Colour was perhaps the most crucial. In one famous case, the court physicians saw something amiss in the samples given by Britain's "Mad" King George III (1738-1820), whose water was apparently a royal purple in colour. Red-purple or blue urine is a symptom of the rare metabolic disorder porphyria (though a recent theory suggests the eccentric king's madness was actually fuelled by the arsenic he took as medicine, but that's another story altogether).
And then there was taste, also a very critical part of the analysis. One of the rare instances in which uroscopy was dead-on came in diagnosing diabetes by a sweet taste to the urine. In 1674, English physician Thomas Willis (1621-1675) was the first in modern medical literature to observe this relationship. He may have enjoyed the sampling process a little too much, stating that the pee on his palate was "wonderfully sweet as if it were imbued with honey or sugar." His taste test led him to add the term "mellitus" to this form of diabetes, from the Latin word for honey. Ancient Arab, Hindu and Chinese texts also have anecdotal reports of the same sweet taste in urine from patients who displayed the symptoms of what was later termed diabetes.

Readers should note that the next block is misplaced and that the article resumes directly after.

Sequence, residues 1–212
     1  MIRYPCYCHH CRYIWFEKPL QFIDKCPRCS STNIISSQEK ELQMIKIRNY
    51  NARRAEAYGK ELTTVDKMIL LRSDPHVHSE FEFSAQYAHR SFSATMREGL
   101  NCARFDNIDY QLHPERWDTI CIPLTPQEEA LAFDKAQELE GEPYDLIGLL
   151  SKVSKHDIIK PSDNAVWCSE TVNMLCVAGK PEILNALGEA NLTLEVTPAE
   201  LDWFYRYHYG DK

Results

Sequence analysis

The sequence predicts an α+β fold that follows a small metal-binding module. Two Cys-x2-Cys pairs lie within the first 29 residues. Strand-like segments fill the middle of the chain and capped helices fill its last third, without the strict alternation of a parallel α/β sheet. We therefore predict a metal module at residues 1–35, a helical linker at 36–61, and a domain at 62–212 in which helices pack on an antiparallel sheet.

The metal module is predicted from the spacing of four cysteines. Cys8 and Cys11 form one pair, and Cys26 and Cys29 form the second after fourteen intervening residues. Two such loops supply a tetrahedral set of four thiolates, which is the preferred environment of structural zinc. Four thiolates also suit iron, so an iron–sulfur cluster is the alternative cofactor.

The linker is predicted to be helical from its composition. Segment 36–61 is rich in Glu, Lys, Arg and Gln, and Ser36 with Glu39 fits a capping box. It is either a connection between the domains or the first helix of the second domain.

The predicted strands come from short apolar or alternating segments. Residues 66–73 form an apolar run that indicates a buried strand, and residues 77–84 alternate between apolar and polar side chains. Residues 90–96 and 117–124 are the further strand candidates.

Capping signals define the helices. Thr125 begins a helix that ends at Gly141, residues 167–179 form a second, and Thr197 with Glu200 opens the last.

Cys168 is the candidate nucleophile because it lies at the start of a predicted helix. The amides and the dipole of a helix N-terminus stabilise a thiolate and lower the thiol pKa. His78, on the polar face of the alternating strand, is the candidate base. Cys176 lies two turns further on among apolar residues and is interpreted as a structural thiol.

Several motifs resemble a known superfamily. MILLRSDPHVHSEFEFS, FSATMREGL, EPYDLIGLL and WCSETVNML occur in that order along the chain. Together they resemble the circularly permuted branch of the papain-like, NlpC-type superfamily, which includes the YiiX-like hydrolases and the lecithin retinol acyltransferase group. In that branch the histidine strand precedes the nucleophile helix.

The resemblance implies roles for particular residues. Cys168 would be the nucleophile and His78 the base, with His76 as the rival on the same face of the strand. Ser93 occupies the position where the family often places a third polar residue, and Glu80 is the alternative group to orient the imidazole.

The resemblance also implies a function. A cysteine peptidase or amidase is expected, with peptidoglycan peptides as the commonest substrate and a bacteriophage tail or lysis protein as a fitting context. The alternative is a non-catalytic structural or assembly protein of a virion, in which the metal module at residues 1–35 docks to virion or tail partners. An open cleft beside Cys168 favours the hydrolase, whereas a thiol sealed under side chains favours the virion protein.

Urine, of course, was also used to determine pregnancy. One text dating from 1552 clearly explains how: if the woman's urine was a "clear pale lemon colour leaning toward off-white, having a cloud on its surface," then she must be pregnant. With that description, they likely would have found many men to be pregnant as well. Still, some doctors may have had more success when they added wine to the urine for diagnostic purposes. Since proteinurea is present in several pregnancy-induced conditions such as preeclampsia, and alcohol reacts visibly with protein in the urine, it may actually have worked.
In an equally scientific attempt, urine was also used as a way to identify pure evil. As the witch hunts of Europe reached a fever pitch in the 16th and 17th centuries, self-proclaimed witch-hunters and appointed tribunals determined the guilt of countless "witches" based on whether or not the cork popped out of a bottle containing a combination of their urine and metal objects like pins and nails.